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A black and white colored sphere is given.

We are looking at a random starting point on the sphere below us, which has a certain color. A random rotation can change the color of the spot below us.

What is the probability P that a random rotation of the sphere will change the color of the spot below us from black to white?

Is the following calculation correct:

P = black_surface_fraction * white_surface_fraction

where the "surface fraction" gives the area percentage of the sphere that is black or white?

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You posed two related questions (math.stackexchange.com/questions/38455/…); it would make sense to link them to each other. –  joriki May 11 '11 at 14:13
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2 Answers 2

up vote 1 down vote accepted

This answer assumes that by "random starting point" you mean a starting point drawn from a uniform distribution on the sphere with respect to surface area and by "random rotation" you mean a rotation drawn from a uniform distribution on $SO(3)$ with respect to the Haar measure. In this case the probability you give is correct.

If the points resulting from the random rotations are distributed uniformly, independent of the starting point, then the probability of starting at a black point is given by the black surface fraction, and the probability of ending up at a white point is independently given by the white surface fraction, so the probability of changing colour from black to white is just the product of the two. So we have to show that a uniform distribution with respect to the Haar measure leads to a uniform distribution of the resulting points on the sphere with respect to the surface area, independent of the starting point.

This follows from the invariance of the Haar measure under group multiplication. Fix some point $Q$, and then, given some resulting point $P$, pick some rotation $R$ that rotates $P$ into $Q$. Since rotations are isometries of the sphere, a disk around $P$ will be rotated to a disk around $Q$ with the same surface area. Since the Haar measure is invariant under group multiplication, the measure of the set of rotations that rotate the starting point into the disk around $P$ is the same as the measure of the set of rotations that rotate the starting point into the disk around $Q$. Since $Q$ is fixed, this is in fact independent of $P$. By taking the radius of the disks to $0$, we can conclude that the distribution of the resulting points is uniform.

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You speak of a "random starting point" and a "random rotation" of the sphere, but you must define exactly both terms. The first one seems to admit a rather obvious interpretation, but the second (the rotation) is more delicate. What is "random rotation" ? Different definitions (thought seemingly resasonable) might lead to different results. The Bertrand paradox is a related example.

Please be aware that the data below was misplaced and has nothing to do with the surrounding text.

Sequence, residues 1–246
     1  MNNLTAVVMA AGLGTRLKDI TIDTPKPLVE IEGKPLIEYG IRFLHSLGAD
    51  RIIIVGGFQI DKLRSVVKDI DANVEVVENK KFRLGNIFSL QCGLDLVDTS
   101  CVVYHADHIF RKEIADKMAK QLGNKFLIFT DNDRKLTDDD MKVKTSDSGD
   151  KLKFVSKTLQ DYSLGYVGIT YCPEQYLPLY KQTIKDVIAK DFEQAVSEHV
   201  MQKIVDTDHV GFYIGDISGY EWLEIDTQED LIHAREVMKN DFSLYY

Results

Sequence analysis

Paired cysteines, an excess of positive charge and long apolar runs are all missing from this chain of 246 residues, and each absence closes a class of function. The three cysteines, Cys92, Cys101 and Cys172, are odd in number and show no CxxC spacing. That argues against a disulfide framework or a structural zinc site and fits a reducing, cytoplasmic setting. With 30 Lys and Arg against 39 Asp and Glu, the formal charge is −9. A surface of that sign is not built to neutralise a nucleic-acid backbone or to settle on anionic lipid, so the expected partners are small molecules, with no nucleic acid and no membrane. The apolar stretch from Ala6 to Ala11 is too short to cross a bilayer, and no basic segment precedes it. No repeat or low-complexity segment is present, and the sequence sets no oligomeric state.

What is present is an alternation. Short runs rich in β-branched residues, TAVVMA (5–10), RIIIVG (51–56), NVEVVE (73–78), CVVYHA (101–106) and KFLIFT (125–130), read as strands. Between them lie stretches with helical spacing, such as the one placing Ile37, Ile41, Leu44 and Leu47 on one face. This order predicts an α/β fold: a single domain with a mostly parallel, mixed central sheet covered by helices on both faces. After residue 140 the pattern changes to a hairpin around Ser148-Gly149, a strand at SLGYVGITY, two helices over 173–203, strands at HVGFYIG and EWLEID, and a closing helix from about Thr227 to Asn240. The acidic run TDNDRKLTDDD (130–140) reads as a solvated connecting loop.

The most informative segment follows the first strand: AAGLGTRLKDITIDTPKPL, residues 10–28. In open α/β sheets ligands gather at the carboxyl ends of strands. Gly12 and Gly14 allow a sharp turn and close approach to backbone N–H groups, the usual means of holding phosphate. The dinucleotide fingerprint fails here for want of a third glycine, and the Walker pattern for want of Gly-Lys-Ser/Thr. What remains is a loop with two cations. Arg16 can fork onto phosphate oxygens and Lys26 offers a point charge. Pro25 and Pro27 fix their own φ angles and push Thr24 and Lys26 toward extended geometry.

In general, this is expressed with conditional probabilities:

$ P(change) = P(x = B \wedge y = W) + P(x = W \wedge y = B)= $ $= P(y=W | x=B) \; P(x=B) + P(y=B | x=W)\; P(x=W)$

where $x$ is the first point color, and $y$ the second.

If your "random rotation" amounts to selecting a new point with uniform probability over the sphere surphace (independent of the starting point) (but this is not an obvious assumption!), and if the starting point is also selected with uniform probability, this results in:

$ P(change) = P(y=W) P(x=B) + P(y=B) P(x=W) = 2 p(B) p(W) = 2 p(B) (1-P(B)) $

where $p(B)$ is the white surface fraction .

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The most natural interpretation of a "random rotation" is given by the Haar measure on $SO(3)$. I interpreted the question to in effect ask whether a rotation drawn from a uniform distribution with respect to the Haar measure leads to a uniform distribution of endpoints on the sphere with respect to surface area. (Numerical experiments indicate that it does, but I'm trying to prove it.) –  joriki May 11 '11 at 13:53
    
Right. Obligatory wikipedia link: en.wikipedia.org/wiki/… –  leonbloy May 11 '11 at 14:02
    
You calculated twice the desired probability, since the question only asks for the probability of changing from black to white and not vice versa. –  joriki May 11 '11 at 14:53
    
Thank you for all this! Where can I read more about the Haar measure? –  Marc May 11 '11 at 15:05
    
@Marc: en.wikipedia.org/wiki/Haar_measure –  joriki May 11 '11 at 15:14
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